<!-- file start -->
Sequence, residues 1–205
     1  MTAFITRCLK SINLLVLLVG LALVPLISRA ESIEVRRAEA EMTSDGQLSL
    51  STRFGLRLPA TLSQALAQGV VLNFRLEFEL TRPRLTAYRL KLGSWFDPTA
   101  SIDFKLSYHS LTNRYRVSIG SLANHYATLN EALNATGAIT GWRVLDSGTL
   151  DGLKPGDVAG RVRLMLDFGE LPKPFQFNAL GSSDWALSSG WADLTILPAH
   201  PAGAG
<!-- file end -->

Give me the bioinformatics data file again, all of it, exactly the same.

Sequence, residues 1–205
     1  MTAFITRCLK SINLLVLLVG LALVPLISRA ESIEVRRAEA EMTSDGQLSL
    51  STRFGLRLPA TLSQALAQGV VLNFRLEFEL TRPRLTAYRL KLGSWFDPTA
   101  SIDFKLSYHS LTNRYRVSIG SLANHYATLN EALNATGAIT GWRVLDSGTL
   151  DGLKPGDVAG RVRLMLDFGE LPKPFQFNAL GSSDWALSSG WADLTILPAH
   201  PAGAG